Talita Ferreira discusses the key lessons in leadership

Talita Ferreira portrait

The former chief financial officer of BMW Group UK and IoD fellow spent more than two decades working with global brands such as KPMG and Investec in Britain, Germany and South Africa, before quitting corporate life in 2016 to pursue her own venture. Here Talita Ferreira reveals the lessons she has learnt and how she aims to redefine authenticity in leadership

I started a career in business at a young age. I would knit clothes for my doll, and the local toy shop was so enthralled by what I was making they wanted me to knit and crochet for them. So I would put my little outfits on cardboard, wrap them in cellophane and sell them to the shop.

My mother was my biggest inspiration. She was a working woman with her own business at a time where there weren’t many working women, and that stuck in my head. When I became a CFO, aged 35, the next step for me was being the head of a company. I first thought of being managing director at BMW but that very quickly changed to wanting to be MD of my own company.

My brother and father dying was a defining moment. I was in high school at the time and my mother took me out and put me in a more academic private school – I think she wanted me kept busy so I didn’t dwell on it too much – and suddenly the dynamic changed. I had to work harder and it created a lot of new challenges for me.

When I started my career I was probably quite a nasty leader. I was not self-aware at all, I wanted everybody to be as driven and as hardworking as me, and if people had a different working style I would probably judge them. But I’ve really grown since then. I went on a journey of self-discovery and realised that there’s so much more to people.

I have always loved Deepak Chopra. I went to one of his courses and read his books. I think that’s where my leadership journey really started. He’s a bit more into the spiritual dimension [of leadership], which can be a little uncomfortable for some. A lot of people have to start in the normal leadership arena to become more self-aware before they can migrate to all this mindfulness and connectedness.

I am a very people-oriented leader. I like to set out a vision for my employees and then empower them to get there. I see it like a journey where we’re walking together and I have my hand held out. You can take it when you need it, but it’s your journey and you can stand on your own if you want to.

I lose myself when I have to lead in a way that’s incongruent with my values. When I was CFO and leading strategy at BMW, I layered this big cultural change on top of it. Convincing a whole organisation that we’re going to lift them up and put them in a different place and change the way they work is no easy job. In this programme I had to tell a lot of people what to do, I had to be quite autocratic and it totally exhausted me because it was so incongruent with the type of leader I had become.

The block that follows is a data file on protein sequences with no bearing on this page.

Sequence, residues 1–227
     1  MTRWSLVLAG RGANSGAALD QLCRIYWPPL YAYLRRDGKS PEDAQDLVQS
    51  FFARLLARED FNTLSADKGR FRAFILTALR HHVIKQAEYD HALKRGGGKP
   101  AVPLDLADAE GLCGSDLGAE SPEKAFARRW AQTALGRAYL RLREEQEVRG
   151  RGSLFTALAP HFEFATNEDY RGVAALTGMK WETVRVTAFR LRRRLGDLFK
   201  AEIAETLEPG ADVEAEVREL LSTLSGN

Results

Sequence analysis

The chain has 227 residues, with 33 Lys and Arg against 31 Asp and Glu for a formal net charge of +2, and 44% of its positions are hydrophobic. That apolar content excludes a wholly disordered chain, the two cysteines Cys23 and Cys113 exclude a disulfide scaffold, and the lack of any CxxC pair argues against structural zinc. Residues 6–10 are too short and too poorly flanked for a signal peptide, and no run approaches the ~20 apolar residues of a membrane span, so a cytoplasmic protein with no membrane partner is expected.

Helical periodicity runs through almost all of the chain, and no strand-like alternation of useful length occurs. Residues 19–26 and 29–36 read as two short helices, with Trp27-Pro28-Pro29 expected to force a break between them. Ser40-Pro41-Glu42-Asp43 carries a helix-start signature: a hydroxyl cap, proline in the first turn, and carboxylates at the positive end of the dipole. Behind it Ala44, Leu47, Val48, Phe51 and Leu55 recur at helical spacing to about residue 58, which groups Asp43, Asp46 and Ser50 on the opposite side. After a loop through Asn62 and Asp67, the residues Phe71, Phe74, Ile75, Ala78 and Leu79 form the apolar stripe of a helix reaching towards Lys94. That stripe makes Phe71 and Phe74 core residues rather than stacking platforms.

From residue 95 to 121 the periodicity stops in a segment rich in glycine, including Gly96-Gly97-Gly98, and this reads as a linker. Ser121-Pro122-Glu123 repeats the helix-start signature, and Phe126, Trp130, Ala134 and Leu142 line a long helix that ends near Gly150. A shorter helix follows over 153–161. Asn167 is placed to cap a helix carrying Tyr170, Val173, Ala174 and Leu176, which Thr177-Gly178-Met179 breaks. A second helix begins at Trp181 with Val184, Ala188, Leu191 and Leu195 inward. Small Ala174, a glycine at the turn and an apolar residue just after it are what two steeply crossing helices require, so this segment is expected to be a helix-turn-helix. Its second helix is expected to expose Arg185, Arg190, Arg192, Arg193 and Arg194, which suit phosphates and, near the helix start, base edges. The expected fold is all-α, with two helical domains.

I want people with 150 per cent attitude. It was kind of my thing, growing and developing unlikely internal talent. I’ve gone for people who had 40 per cent of the skills that I needed but an abundance of attitude. You can always train the skills, but a can-do attitude and pragmatism – you can’t teach someone that.

‘Get your head down and do the work.’ That was always the advice at BMW. Take on projects that other people won’t take on, work hard and connect with other people so that when you don’t know how to do something you can ask for advice, because that’s what gets you noticed.

My biggest challenge was leaving the safety of corporate life. I wanted to run my own business by the time I was 50 and when I turned 42 it was like a ticking clock.

It took me three-and-a-half years to find out what I wanted to do, including writing my book. I set my mind to getting that book published the month I left BMW. I’m 45 now and started my own business last year.

I wanted to bring a new definition to authenticity in my book. For me it’s about self-awareness and connectedness with others. If you don’t create a higher level of self-awareness and understand your own behaviour, what drives and motivates you, you can’t connect with people in a way that creates trust and emotional safety.

The Authenticity Dilemma Resolved is out now, published by Filament



Talita Ferreira CV

Born South Africa

1992 Graduated University of Pretoria in commerce law and, in 1993, accounting

1997 Completion of accounting articles at KPMG

2005 Became CFO of BMW Group financial services

2013 Became CFO BMW Group UK

2013 Achieved chartered director qualification at the IoD (to find out more about Chartered Director Qualification click here)

2016 Became a fellow of the IoD; founded Authentic Change Solutions and published The Authenticity Dilemma Resolved

About author

Hannah Gresty

Hannah Gresty

Until she left the magazine in August 2019, Hannah Gresty was the assistant editor of Director. She previously worked on a local news website and at a fashion PR company before joining the Director team as editorial assistant in 2016.

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